If the coronavirus lockdown has taught us anything, it is that we’re more reliant now on technology than we ever have been to fulfil our functions… and you better believe this reliance is going to grow in the coming months/years.
Few people we talk to do not envisage some sort of scale-back on office space in the near term as a direct result of the coronavirus pandemic as CEOs stroke chins with calculating glee at the notion of slashing office costs.
However, the direct result of this will be that some of you dinosaurs will have to stump your way out of pre-history and join the evolution as a new age of technology dawns for us all.
At the start of the Covid-19 enforced lockdown, the lack of technical know-how was never more apparent than in two separate conversations with infrastructure professionals – one of whom would comfortably wear the title luminary, while the other is more of a stalwart.
The stalwart was insisting that he would have to go into the office because he had work to do… and it was impossible to do it from home. So – hey ho, off to work (he mistakenly thought) he would go.
The other was a mobile phone call that involved a chat on technology and how journalists are – by nature of the work – only too comfortable with working remotely. Conversation turned to Microsoft Teams which he said he was getting to grips with.
In a flash, an Outlook invitation was winging its way to said luminary which was duly accepted.
“Oh wow,”quoth he. “I can see you.”
Well yes, and I can see you too, that’s how this works… and, if I might say, what a lovely hoody you’re wearing, and… are you working in your garage?
At which point he failed entirely to put his finger over the camera and, my wife (who is well known to many of you) and was working next to me at the time looked over, saying: “I really hope that’s his finger.”
Two examples of monkeys and typewriters with not a glimpse of Shakespeare in the offing.
Well, they had better get with the agenda – not just on a WFH level – but with digital infrastructure as an asset class that will rampage its way from being cutting edge to an established sector in our daily working lives in the blink of an eye.
Anyone who doubts that statement should look back to very recent history and see how the community went from sucking teeth to biting hands off with the likes of offshore wind and energy storage – to name but two.
For all that none of us are leaving our homes, it’s a curiosity that the world continues to change at such dramatic pace. Looking across the news this past week, there have been a few developments on the hydrogen front:
- funding for research in Finland
- potential for use of hydrogen in Singapore
- a falter in the step for plans in Germany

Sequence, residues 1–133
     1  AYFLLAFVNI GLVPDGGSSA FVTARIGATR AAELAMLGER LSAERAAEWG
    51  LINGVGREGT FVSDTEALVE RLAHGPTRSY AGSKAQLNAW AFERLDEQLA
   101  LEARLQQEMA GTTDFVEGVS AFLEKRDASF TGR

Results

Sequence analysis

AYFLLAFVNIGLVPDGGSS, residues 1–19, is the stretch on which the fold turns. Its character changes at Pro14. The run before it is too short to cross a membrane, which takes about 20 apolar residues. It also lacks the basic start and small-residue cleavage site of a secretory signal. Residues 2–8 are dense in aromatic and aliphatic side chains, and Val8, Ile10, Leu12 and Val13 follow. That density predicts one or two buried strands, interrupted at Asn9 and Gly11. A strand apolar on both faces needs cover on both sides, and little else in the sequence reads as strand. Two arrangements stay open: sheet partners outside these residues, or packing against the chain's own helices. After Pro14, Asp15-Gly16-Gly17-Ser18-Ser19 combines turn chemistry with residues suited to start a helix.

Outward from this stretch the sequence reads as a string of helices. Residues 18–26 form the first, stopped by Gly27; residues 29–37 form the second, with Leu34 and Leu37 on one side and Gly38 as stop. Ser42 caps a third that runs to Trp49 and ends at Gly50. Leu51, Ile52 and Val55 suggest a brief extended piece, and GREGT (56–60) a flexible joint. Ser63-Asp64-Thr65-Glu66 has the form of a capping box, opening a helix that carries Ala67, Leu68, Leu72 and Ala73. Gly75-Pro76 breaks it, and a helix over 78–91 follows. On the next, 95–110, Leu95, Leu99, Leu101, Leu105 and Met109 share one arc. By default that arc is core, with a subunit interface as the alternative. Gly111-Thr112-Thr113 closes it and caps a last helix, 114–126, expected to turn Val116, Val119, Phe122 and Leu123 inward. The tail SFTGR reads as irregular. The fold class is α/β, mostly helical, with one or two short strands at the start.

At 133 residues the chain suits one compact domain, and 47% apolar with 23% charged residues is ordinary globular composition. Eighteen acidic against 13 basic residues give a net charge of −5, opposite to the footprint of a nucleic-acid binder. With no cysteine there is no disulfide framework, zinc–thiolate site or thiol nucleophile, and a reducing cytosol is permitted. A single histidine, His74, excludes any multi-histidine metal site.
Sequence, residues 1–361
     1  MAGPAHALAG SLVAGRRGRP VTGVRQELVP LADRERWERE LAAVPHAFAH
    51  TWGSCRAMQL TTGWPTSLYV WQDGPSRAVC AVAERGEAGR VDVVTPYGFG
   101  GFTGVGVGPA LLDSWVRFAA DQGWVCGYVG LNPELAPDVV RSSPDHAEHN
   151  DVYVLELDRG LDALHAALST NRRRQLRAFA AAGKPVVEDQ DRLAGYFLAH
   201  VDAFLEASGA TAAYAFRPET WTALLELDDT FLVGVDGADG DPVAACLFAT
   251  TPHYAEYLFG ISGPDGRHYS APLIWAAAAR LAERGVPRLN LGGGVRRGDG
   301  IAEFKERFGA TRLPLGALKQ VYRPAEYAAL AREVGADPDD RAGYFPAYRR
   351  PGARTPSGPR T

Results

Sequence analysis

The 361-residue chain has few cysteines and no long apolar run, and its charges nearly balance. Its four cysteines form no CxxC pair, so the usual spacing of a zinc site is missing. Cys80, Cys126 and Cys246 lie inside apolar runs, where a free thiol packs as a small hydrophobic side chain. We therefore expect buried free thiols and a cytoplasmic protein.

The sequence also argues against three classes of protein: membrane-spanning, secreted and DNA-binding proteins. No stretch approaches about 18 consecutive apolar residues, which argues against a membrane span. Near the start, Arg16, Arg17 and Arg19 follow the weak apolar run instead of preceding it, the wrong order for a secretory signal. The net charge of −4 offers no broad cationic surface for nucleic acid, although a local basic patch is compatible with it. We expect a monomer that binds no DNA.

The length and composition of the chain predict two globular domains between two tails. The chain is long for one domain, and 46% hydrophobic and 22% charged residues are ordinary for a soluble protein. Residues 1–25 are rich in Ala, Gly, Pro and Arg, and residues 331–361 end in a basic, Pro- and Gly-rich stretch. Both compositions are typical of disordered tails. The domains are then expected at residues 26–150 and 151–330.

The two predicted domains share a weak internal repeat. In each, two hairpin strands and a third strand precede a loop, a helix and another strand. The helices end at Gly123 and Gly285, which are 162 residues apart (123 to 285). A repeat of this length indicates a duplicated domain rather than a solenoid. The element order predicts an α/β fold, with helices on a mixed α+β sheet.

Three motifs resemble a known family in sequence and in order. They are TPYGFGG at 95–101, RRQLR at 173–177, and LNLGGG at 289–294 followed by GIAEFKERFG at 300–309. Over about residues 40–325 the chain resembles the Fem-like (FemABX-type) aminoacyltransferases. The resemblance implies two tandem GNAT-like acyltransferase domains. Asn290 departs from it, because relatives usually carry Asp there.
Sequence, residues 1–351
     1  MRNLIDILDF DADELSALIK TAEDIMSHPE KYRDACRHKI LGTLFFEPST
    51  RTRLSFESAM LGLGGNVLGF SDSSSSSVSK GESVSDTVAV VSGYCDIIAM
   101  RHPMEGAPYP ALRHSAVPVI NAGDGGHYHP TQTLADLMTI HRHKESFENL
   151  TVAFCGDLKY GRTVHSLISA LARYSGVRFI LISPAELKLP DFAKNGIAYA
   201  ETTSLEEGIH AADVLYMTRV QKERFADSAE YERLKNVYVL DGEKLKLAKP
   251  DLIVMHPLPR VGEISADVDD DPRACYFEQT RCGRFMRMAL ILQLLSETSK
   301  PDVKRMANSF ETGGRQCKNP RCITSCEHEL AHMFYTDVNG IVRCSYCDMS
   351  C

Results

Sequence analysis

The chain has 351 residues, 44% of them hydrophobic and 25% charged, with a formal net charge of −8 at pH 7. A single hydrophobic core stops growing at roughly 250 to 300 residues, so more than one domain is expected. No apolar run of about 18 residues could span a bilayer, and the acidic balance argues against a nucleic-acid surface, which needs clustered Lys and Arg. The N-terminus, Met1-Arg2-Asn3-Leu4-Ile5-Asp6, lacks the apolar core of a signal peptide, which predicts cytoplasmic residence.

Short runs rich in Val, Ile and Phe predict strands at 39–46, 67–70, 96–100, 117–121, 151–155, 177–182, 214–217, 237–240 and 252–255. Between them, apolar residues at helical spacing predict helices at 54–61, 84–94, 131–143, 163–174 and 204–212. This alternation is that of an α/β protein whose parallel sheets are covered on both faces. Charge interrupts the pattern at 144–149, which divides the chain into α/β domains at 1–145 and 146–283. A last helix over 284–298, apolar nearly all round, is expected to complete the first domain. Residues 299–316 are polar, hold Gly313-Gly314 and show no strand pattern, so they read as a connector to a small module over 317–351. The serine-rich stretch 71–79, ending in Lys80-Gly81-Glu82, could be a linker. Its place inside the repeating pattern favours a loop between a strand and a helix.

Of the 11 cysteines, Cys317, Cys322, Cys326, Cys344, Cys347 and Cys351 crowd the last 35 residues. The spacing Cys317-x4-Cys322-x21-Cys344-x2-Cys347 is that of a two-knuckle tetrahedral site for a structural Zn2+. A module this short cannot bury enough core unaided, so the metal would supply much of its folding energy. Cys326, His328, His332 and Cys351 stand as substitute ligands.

- Gasunie joining a Dutch hydrogen venture
On the transport front, funding was raised for rather interesting maglev R&D work in Poland that will (hopefully) lead to future deployment in hyperloop, while in the Netherlands BAM Infra Nederland has built and commissioned the world’s first fully-electric 10- to 12-tonne road roller (heady stuff).
These are just a handful of exciting developments in the last week that shine a light on the potential for greater inclusion hydrogen as an energy source and an uptick in technology in the delivery of infrastructure. This points to how you will have to re-focus your skillset to match the market shift.
Think back – those of you who were there – to the great infra rebranding of 2008 when all the European bankers and advisers suddenly changed their LinkedIn profiles to include renewable energy… and in a flash, they were no longer PPP people.
While it’s not going to be quite such a dramatic reinvention of reality, you would be well-advised to start skilling up now because you’ll be trying to convince everyone you’re an expert in this new wave of infra by the end of the year.
To help with this, we will shortly – in partnership with our old friends Matthew Garver and Dr Bill Cox of Management & Excellence Global Inc. – be sending out a survey on digital infrastructure to build a picture of market perception.
From our side, in recent months, we’ve been shifting the editorial focus a good bit to bring digital infra into the mainstream:
- setting the scene for a new asset class
- battle lines being drawn for cutting-edge technology
- challenges facing the deployment of 5G technology
- issues being faced by Smart Cities – Waterfront Toronto
But for you, it’s time to change and it’s a bemusing subject to get your head around and every project seems to be taking a different direction and it is being led by the big tech companies that will drive agendas to fit their ultimate goals.
What we have here is a massive venture capital play by the likes of Google, Apple, Microsoft, even Hyperloop and the serried ranks of telcos that will take that first mover risk/advantage, with the capital stack following in their wake once the business model is firmed up.
It will, without question, require greater flexibility in contract writing that is customary with the likes of PPP contracts as these projects will transform on a month-by-month basis, expanding to meet evolving technology deployment and adoption – from inter-connectivity of mobile devices right through to automated vehicles.
For now, the middle layer is missing.
And this will be filled by infra funds, lenders and the entire advisory shooting match as one pilot project is rolled out after another and a roadmap is laid out for municipalities to copy or tailor to their requirements.
So – brace for a bumpy ride and devour every piece of intelligence you can find on digital infrastructure because it’s going to right at the “core” of your business.